Over the last few weeks protests have been erupting around the world. Many are saying that the protests were sparked after the people of Hong Kong began their fight against legislation that would permit their extradition to mainland China. The protests had over a million people on the streets, since then it has caused a tsunami around the globe.
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The Catalan people have once again taken to the streets last week. This came after the Spanish government found that the original 2017 Catalan referendum for independence was in fact an illegal process. They tried 12 independence leaders and sentenced 9 with charges such as sedition and miss-use of public funds. The general strike has lead to rioting, according to local paper El Periodico De Catalunya, 77 people were injured. Catalunya has been fighting for independence for over 150 years, new generations are raised with the idea of independence.
Chile. Violent unrest has manifested across the country. So far a staggering 5000 people have been detained, and 19 have died. The capital of Santiago has been turned upside down, roadblocks, fires and riots have been breaking out over the last week. Chilean police has also been accused of using brute force by the public. They have been seen using several large water canonns and even began firing shots at protesters. ‘Los Chilenos” are fighting for huge change, they are asking the government to escape their systematic inequality and reform their socio-economic system. President Sebastian Piñeira has announced planned reforms to calm the storm, the people are still not convinced as riots carry on for the 5th day.
Neighbouring country Bolivia is also currently protesting amid confusion regarding their election results. The first set of results were released only two hours after the polling stations closed on Sunday. The results meant that Carlos Mesa, who is challenging Evo Morales for presidency, would make it through to a second round of votes. The website with the votes results stopped being updated and no second round of votes would be needed for Morales to remain in office. Mesa said “those results that are part of a shameful, consummated fraud that is putting Bolivian society in a situation of unnecessary tension.” Morales has is being accused of overstaying his welcome. Bolivian people are demanding change, capital of La Paz took to streets to fight the alleged fraud. Clashes continue out between protesters and police.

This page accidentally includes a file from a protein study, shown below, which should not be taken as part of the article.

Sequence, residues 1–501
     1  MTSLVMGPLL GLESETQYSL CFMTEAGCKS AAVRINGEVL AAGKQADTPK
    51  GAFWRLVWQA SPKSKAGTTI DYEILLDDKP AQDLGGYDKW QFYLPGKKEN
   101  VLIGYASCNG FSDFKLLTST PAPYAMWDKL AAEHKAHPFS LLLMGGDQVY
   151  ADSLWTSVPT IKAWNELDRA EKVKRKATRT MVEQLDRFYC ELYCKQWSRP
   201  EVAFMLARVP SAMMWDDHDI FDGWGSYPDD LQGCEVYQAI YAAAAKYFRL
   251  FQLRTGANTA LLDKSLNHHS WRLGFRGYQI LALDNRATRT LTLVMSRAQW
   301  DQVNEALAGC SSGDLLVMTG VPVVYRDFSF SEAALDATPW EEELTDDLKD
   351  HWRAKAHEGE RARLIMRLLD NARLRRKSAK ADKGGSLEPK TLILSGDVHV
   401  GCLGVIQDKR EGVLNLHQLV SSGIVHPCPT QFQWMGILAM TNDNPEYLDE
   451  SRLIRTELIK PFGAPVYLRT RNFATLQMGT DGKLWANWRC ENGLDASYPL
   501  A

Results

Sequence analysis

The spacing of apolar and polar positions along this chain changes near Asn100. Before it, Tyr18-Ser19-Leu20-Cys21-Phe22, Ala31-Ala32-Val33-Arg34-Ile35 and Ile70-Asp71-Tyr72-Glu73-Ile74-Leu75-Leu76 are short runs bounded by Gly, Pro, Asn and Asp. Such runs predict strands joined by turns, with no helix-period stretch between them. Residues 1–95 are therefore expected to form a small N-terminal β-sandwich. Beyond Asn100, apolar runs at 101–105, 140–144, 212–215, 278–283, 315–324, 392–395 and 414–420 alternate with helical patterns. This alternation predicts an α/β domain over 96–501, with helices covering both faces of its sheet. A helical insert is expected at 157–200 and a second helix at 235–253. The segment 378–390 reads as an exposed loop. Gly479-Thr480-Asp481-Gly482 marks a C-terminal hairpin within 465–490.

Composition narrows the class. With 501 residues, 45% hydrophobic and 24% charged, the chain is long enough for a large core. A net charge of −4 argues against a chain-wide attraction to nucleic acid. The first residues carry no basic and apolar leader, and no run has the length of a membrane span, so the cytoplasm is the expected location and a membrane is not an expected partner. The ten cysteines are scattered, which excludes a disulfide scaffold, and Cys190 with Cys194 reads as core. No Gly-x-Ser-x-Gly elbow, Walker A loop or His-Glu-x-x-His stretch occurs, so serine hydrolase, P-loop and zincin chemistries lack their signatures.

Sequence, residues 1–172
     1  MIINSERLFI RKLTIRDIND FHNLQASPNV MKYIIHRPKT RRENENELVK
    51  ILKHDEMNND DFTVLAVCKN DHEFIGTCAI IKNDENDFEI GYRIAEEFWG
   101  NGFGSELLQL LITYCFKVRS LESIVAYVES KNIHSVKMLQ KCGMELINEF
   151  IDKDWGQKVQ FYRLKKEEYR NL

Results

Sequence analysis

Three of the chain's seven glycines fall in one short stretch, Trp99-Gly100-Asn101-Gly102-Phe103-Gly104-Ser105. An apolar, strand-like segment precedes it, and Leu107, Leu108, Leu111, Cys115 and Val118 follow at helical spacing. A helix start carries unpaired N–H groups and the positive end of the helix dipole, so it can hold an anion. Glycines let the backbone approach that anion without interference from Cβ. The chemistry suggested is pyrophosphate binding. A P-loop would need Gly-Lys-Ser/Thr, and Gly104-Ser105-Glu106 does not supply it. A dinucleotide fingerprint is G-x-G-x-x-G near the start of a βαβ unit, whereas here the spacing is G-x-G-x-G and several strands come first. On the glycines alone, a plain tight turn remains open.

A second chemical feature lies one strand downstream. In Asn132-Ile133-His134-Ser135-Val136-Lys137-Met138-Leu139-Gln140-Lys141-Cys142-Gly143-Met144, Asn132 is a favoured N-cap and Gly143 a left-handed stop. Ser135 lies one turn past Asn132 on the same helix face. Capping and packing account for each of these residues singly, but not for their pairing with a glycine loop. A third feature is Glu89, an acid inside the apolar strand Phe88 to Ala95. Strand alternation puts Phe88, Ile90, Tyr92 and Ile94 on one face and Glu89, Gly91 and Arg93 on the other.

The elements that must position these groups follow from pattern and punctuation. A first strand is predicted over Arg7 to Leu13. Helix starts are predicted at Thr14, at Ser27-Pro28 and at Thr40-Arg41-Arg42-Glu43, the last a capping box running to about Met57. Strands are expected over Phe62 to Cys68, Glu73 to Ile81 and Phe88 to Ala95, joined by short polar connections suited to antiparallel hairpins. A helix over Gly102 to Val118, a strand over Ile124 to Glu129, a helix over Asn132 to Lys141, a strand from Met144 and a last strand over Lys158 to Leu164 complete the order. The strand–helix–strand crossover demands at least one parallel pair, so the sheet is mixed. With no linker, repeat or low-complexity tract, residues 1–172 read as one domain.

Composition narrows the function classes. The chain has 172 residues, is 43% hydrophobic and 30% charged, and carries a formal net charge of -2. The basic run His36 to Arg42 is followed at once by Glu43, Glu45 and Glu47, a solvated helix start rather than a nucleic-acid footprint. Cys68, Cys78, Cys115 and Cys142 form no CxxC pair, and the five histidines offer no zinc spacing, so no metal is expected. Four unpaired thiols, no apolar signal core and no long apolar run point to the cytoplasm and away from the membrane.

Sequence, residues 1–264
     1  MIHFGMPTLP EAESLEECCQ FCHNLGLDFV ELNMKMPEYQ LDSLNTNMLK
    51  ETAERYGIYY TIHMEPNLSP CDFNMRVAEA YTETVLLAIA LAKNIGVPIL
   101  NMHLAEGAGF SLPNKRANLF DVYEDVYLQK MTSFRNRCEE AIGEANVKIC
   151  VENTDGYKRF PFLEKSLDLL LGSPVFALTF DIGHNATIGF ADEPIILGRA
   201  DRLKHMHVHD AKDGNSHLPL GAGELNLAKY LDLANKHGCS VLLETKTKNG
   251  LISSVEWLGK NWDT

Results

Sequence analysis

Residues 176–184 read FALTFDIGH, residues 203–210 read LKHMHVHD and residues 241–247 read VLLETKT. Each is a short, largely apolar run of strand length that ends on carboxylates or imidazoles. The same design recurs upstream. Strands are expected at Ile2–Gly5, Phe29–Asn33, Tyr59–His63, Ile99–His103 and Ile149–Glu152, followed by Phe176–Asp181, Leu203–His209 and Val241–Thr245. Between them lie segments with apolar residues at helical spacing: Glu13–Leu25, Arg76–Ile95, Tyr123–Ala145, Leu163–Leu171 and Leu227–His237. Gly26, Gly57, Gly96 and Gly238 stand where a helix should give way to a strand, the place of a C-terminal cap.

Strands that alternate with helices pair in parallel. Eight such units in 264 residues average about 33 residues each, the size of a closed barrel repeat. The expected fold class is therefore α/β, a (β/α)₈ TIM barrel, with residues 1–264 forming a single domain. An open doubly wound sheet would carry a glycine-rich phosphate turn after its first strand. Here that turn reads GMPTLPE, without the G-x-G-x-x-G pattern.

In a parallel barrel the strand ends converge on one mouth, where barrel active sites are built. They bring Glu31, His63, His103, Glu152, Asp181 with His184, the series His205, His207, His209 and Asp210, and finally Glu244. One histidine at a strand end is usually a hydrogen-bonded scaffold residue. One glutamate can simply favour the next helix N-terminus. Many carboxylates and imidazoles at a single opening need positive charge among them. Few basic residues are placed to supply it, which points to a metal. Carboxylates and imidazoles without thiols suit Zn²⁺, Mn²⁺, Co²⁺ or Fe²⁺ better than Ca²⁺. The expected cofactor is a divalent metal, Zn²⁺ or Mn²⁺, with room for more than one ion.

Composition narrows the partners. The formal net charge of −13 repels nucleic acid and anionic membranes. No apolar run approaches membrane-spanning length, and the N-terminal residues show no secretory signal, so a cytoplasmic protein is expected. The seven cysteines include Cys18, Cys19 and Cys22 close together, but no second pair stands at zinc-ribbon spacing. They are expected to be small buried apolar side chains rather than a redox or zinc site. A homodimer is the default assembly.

The Lebanese revolution as it’s being called, initiated after mismanaged fires engulfed the mountainside. After this, Saad Hariri’s government announced a proposal of new taxes to be imposed, causing the biggest and longest revolution to date. Their fight is against institutionalised corruption that has been on going for decades. Despite a huge government debt of $86 billion, ministers salaries have annually increased 7.5% for the last decade, meanwhile the minimum living wage has been stagnant since 2012. The worldwide Lebanese community are demanding the governments resignation. Protests have been taking place in London, Montreal and 40 other cities across the globe. Unlike the violence in South America; food, transport and medication is being supplied free for protesters. There are also food stands and street cleaning groups being organised by locals. The ‘tax intifada’ reaches it’s 7th day, it’s being now more than ever being seen as a sign of hope for the Lebanese people.